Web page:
VIDEO: Sen. Hugh Leatherman and Rep. Brian White question borrowing $123 million for Volvo
S.C. Senate President Pro Tempore Hugh Leatherman resigned Tuesday in order to avoid becoming the state’s lieutenant governor.
The state’s most powerful politician, Leatherman — who chairs the Senate’s powerful budget-writing Finance Committee — said in November he was not interested in becoming lieutenant governor, an essentially powerless position.
The question of who would be South Carolina’s lieutenant governor became urgent Tuesday when Gov. Nikki Haley was confirmed by the U.S. Senate as U.S. ambassador to the United Nations.
Haley then resigned, elevating Lt. Gov. Henry McMaster, R-Richland, to the post of governor. That move vacated the lieutenant governor’s post.
Last week, however, the S.C. Supreme Court ruled the Senate president pro tempore would replace McMaster as lieutenant governor.
“The state Supreme Court clarified any questions on the line of succession and as I’ve stated before, I have no desire to seek statewide office and I will remain in the Senate," Leatherman said in a statement Tuesday evening.
Senators are expected Wednesday to elect state Sen. Kevin Bryant, R-Anderson, to ascend to the lieutenant governor’s office.
Once Bryant becomes the state’s second-in-command, Leatherman likely will regain the post of Senate leader in a vote of the full Senate.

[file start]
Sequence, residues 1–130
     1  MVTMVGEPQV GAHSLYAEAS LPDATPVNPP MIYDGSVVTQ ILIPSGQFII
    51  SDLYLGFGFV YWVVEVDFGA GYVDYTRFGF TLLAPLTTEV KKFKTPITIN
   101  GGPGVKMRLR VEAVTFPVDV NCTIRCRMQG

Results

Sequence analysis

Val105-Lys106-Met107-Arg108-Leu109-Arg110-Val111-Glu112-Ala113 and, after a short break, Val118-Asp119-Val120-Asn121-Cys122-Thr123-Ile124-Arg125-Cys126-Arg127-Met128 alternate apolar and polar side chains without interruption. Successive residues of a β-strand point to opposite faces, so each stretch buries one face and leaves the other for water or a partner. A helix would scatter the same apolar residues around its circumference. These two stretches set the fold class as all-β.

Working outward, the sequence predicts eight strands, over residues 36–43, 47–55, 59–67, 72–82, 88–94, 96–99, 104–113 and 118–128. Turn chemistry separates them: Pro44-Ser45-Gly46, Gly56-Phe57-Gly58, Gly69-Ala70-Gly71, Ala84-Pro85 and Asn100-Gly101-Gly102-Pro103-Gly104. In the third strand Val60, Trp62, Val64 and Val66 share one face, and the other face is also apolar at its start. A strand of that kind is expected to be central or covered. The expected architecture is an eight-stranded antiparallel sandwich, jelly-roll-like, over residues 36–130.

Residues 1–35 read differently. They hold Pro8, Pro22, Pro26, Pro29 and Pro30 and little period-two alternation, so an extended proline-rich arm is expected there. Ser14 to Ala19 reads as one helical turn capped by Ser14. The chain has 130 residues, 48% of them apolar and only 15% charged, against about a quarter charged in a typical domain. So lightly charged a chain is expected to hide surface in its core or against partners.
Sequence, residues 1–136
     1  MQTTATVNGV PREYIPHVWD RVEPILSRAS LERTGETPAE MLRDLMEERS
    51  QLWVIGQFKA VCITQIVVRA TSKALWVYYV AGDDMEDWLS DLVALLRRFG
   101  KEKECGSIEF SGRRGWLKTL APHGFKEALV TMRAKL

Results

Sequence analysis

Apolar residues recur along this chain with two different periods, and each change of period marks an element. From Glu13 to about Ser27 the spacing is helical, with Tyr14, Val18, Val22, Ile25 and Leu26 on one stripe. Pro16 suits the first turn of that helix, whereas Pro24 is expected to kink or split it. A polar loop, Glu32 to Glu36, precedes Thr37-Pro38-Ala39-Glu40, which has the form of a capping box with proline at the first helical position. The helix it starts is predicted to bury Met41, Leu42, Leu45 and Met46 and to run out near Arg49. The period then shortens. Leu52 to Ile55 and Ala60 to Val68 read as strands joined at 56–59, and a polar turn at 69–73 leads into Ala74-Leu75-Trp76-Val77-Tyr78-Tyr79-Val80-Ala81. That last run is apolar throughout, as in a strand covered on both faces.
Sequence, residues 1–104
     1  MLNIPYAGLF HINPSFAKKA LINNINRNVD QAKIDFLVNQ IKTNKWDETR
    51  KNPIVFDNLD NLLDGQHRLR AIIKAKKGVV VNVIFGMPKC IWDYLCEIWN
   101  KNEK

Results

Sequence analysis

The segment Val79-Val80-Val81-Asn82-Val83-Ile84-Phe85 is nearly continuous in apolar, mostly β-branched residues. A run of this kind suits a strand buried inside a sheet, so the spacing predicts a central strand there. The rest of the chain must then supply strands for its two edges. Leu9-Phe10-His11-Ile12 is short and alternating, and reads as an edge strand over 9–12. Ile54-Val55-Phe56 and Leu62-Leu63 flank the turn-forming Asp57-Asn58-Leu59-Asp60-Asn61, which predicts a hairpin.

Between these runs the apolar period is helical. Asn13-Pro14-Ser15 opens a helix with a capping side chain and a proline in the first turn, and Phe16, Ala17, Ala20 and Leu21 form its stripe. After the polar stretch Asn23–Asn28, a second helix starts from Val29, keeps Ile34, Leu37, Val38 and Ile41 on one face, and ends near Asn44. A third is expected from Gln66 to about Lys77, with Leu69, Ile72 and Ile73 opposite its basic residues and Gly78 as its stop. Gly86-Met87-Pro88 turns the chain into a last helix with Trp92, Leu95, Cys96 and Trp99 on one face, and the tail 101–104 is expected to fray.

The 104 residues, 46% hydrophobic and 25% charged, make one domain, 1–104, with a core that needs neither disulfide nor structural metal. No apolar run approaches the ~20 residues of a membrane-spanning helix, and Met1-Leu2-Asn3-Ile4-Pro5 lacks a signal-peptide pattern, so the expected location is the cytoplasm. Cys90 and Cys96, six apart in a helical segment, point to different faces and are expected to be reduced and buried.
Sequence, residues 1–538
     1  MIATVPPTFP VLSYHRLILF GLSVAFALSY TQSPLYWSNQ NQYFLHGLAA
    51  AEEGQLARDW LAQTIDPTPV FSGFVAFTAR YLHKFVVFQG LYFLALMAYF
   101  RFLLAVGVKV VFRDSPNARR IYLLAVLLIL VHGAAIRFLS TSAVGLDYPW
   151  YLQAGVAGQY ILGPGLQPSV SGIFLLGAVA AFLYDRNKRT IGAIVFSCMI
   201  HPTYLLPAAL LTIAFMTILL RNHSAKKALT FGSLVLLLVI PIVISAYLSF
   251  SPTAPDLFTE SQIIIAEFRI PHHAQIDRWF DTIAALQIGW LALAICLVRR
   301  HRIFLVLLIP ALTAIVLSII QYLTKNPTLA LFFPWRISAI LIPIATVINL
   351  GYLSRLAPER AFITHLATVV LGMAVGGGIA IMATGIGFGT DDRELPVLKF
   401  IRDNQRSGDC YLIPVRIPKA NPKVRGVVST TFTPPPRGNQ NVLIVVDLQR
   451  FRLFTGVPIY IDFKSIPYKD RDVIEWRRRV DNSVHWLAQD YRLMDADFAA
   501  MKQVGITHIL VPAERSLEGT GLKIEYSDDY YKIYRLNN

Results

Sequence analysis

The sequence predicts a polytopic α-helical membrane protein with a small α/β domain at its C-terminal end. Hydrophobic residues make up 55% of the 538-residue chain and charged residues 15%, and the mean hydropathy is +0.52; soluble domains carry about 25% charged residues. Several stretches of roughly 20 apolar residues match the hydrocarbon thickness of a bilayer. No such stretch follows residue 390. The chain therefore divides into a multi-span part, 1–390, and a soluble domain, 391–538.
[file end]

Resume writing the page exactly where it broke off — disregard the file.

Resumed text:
However, state Sen. Harvey Peeler, R-Cherokee, plans to challenge Leatherman, R-Florence, for the top Senate post.
Peeler, a former Senate majority leader, said he was pushed to run by senators upset by Leatherman's refusal to ascend to lieutenant governor, part of the Senate president's job description.
Asked if he thinks he has the votes, Peeler replied: "We'll see. I'm working."
Republicans hold the majority of seats in the 46-member Senate. However, those GOP senators split into competing factions. The competing GOP factions allow Senate Democrats to ally with one Republican group to elect the Senate leader, most recently Leatherman.
However, opposition to Leatherman has been been increasing. In December, nine senators — all Republicans — voted against re-electing him Senate leader.
Leatherman first was elected Senate president pro tempore in 2014 after then-Lt. Gov. Glenn McConnell, R-Charleston, resigned to become the president of the College of Charleston.
At the time, then-President Pro Tempore John Courson, R-Richland, resigned to avoid becoming lieutenant governor.
After Courson stepped down, senators elected then-Sen. Yancey McGill as Senate president pro tempore and he ascended to become lieutenant governor.